The Lord of the Ark, having disposed of the Philistine god, now turns to deal with the Philistines, wreaking havoc in three cities of their pentapolis (verses 8-12). The reader is reminded of the plagues visited on Egypt—both animal pests (Exodus 7:26—8:27; 10:1-15) and bodily affliction (Exodus 9:8-12), including death (Exodus 12:29-36). As the Ark is moved from city to city, Philistine panic intensifies. Its mere arrival at Ekron is sufficient to cause consternation, prior to any actual damage! In these descriptions, the biblical author is enjoying himself immensely.

Historians have variously identified the pestilence described here, the most severe suggestion being bubonic plague. Although interpretation would account for the rodents and the physical symptoms (buboes or glandular swellings, we should not permit a preoccupation with diagnosis obscure the author’s literary and rhetorical intention—to portray the affliction in terms of extreme discomfort and embarrassment. The King James Version, grasping this intention, identified the swellings as hemorrhoids. That is to say, the emphasis in this account is on anal distress.

Modern readers of this passage have presumed that the victims died on a bubonic infection. However, our earliest commentator on the story, Josephus (Antiquities 6.1.3), believed that death came from “dysentery.” (Let us forego his description.)

The theological message of this chapter rests on the common biblical theme of victory arising out of defeat. The Philistines had barely time to celebrate their supposed triumph when they began to suspect their mistake: They had swallowed what they could not digest. After a single night they found their god humiliated—and after a second night dismembered—by the object they had captured. Dagon was now unsafe in his own shrine. Israel’s Lord began to show the conqueror of the prematurely partying Philistines. The tables were turned. Instead of parading the Ark as the spoils in a victory parade, its transport becomes the Lord’s own victory march. The Philistines began to know how ancient Pharaoh felt, when the full force of the ten plagues made him eager for Israel to leave Egypt.

The triumph of the “defeated” Ark within Philistia was a prophecy of the victory of “defeated” Jesus over the forces of the nether world. Like the Philistines, Death had swallowed what it could not digest. St. John Chrysostom said it best: “The Savior’s death has set us free. ? He that was held prisoner of it has annihilated it. By descending into Hell, He made Hell captive. He embittered it when it tasted of His flesh . . .. It took a body, and met God face to face. It took earth, and encountered Heaven.”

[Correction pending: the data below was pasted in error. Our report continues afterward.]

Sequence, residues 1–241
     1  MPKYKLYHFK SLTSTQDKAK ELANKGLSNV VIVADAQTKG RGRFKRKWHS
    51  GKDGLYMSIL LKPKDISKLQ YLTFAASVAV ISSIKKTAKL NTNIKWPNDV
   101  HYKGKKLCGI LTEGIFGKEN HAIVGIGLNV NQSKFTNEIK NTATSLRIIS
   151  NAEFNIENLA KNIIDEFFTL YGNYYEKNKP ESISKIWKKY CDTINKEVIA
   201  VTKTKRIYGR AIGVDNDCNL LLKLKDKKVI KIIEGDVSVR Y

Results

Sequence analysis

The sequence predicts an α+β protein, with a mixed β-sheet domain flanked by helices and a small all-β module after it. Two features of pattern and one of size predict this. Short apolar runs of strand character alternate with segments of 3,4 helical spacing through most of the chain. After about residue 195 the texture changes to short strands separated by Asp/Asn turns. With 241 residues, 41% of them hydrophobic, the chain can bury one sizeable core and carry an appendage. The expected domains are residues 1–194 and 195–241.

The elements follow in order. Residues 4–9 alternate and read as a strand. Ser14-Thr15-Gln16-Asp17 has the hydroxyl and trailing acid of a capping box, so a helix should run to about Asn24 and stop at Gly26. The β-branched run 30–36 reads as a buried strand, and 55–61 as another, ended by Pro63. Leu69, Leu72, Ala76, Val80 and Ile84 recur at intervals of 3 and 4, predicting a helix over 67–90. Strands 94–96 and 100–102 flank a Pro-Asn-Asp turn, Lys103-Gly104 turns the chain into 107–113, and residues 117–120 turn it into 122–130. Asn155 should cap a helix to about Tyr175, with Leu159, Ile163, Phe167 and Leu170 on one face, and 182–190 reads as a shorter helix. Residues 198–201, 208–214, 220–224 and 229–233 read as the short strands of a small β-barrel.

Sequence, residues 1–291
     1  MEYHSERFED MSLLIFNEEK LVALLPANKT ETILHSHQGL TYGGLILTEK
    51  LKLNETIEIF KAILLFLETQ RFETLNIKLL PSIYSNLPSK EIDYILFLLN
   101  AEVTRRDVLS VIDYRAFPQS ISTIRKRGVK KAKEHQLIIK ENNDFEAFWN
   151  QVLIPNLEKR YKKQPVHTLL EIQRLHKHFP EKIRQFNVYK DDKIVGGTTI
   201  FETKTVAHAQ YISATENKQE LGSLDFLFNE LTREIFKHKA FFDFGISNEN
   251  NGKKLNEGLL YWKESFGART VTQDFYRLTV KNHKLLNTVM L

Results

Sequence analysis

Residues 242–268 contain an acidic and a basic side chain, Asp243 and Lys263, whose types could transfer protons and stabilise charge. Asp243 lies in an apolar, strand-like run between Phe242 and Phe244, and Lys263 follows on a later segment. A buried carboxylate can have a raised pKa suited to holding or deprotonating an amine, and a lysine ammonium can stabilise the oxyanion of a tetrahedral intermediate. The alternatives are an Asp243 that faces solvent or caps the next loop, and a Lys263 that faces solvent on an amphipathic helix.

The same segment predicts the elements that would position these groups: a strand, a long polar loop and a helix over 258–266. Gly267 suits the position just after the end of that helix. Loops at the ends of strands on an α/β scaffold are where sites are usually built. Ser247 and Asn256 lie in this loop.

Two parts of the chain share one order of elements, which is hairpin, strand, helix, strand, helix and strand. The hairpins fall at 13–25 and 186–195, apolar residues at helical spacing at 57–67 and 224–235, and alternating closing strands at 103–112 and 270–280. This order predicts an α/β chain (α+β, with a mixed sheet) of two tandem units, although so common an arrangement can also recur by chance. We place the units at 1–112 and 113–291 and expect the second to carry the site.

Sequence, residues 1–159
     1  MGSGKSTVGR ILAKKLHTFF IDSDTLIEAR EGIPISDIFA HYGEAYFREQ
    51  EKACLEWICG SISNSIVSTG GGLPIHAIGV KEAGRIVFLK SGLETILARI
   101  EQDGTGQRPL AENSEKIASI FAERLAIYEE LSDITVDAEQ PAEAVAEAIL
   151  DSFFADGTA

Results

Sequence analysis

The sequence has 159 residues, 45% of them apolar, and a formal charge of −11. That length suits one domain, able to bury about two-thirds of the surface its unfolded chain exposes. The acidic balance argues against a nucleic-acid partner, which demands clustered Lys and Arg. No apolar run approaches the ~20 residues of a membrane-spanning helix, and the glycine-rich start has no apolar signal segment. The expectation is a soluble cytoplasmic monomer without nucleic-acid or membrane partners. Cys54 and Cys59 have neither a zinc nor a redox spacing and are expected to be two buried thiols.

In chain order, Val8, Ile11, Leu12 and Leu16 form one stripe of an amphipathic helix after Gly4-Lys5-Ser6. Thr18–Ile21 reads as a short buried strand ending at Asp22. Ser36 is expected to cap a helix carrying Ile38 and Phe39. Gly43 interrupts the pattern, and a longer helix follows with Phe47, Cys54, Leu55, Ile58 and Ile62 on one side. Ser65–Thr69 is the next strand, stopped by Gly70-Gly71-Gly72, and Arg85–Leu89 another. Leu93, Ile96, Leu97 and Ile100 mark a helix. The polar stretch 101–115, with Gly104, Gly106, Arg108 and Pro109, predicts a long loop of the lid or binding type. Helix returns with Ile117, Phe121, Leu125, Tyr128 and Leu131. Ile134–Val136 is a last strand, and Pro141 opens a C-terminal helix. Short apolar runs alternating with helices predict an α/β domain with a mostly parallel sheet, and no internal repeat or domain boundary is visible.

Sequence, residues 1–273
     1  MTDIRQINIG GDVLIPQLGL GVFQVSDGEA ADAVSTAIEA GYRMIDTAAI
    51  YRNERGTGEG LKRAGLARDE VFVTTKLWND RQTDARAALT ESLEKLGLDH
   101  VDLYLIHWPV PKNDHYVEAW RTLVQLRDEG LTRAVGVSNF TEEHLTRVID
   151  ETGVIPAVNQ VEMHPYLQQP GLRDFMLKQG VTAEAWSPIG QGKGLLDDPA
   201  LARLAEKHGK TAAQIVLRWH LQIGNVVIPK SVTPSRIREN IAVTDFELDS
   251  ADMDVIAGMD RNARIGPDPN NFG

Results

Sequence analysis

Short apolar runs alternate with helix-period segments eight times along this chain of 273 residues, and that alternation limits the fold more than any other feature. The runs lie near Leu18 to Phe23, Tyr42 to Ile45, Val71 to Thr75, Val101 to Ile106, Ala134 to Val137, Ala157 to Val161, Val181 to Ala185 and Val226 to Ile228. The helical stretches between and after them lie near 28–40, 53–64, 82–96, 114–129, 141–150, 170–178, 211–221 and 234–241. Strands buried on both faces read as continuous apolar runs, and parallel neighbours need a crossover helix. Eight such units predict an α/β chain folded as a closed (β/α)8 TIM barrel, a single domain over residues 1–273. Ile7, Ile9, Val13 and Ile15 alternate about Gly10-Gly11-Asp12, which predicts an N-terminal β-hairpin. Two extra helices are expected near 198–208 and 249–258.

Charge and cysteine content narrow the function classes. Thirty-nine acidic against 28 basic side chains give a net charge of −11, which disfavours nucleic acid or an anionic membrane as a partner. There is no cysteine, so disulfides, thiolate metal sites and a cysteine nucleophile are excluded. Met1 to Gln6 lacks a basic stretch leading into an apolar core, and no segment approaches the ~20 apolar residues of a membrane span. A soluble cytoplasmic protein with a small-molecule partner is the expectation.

Thursday, June 20

1 Samuel 6: This chapter chronicles the return of the Ark to Israel and the aftermath of that return.

In view of the havoc and consternation caused among the Philistines, as described in the previous chapter, its captors determine to send the Ark back to Israel. Seven months of torture have proved quite enough (verse 1).

Sensing they are out of their depth, these political leaders of Philistia—the heads of the five cities—resolve to find a religious solution to their problem. They are wary. Accordingly, they seek the guidance of the local religious experts: priests and shamans (verse 2). We recall that Pharaoh sought the counsel of such men, back in the days when Moses was a problem.

The counsel given by the priests and shamans is complex. There are two stages in the instruction:

First, a sort of reparation offering must accompany the return of the Ark. The need for this ritual gesture was perceived from the fact that the Philistines continued to be tormented by rodents and the physical malady described in the previous chapter. The Philistines fear that these problems may continue even after the Ark is returned, unless they effect some kind of reconciliation with Israel’s God (verse 3). They are advised, therefore, to fashion small sculptures—ornaments, as it were—to represent the hemorrhoids and the rodents (verses 4-5).

The narrator of this scene obviously enjoys its irony: Having endured dysentery and hemorrhoids for seven months, these Philistines now suffer from an anal fixation so severe they imagine that Israel’s God might be placated by a gift of golden hemorrhoids!

The obvious parallel here is with the account in Exodus, according to which the Israelites, when Pharaoh finally compelled them to leave Egypt, took gold and jewelry with them (Exodus 3:21; 11:2; 12:35-36; Psalms 105 [104]:37). This parallel serves mainly to heighten the improbability of jewelry shaped like hemorrhoids and mice.

The Philistines are certainly “winging it” here. They are totally confused, and they have no idea how the true God is to be honored. Their improvised liturgical experiment reminds the reader of the Ninevites, a few centuries later, who proclaim a citywide season of fasting in order to placate the wrath of Israel’s God. In this latter instance, we recall, even the livestock are forced to fast (Jonah 3:7; 4:11). Both biblical writers revel in ridiculing the clueless Gentiles—Philistines and Ninevites—who have benefited from no proper liturgical instruction. They must guess what to do: “Perhaps” (verse 5), “Who knows?” (Jonah 3:9)

The Philistines, for their part, compare their plight to that of Pharaoh and the Egyptians. In both cases, hardness of heart is the great danger, and the Philistines are resolved to take instruction from Pharaoh’s mistake (verse 6; Exodus 8:15,32; 9:34).